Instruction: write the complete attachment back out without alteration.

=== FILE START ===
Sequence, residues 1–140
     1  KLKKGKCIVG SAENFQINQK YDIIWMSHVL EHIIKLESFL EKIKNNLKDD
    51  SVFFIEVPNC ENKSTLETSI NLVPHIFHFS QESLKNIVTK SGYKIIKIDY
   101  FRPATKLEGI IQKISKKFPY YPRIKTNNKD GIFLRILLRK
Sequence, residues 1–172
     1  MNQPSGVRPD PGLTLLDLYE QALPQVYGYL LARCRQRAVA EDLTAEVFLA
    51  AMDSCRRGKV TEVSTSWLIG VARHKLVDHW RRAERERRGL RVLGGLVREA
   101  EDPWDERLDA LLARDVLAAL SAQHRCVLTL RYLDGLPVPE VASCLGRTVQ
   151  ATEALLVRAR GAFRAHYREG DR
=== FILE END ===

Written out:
Sequence, residues 1–140
     1  KLKKGKCIVG SAENFQINQK YDIIWMSHVL EHIIKLESFL EKIKNNLKDD
    51  SVFFIEVPNC ENKSTLETSI NLVPHIFHFS QESLKNIVTK SGYKIIKIDY
   101  FRPATKLEGI IQKISKKFPY YPRIKTNNKD GIFLRILLRK
Sequence, residues 1–172
     1  MNQPSGVRPD PGLTLLDLYE QALPQVYGYL LARCRQRAVA EDLTAEVFLA
    51  AMDSCRRGKV TEVSTSWLIG VARHKLVDHW RRAERERRGL RVLGGLVREA
   101  EDPWDERLDA LLARDVLAAL SAQHRCVLTL RYLDGLPVPE VASCLGRTVQ
   151  ATEALLVRAR GAFRAHYREG DR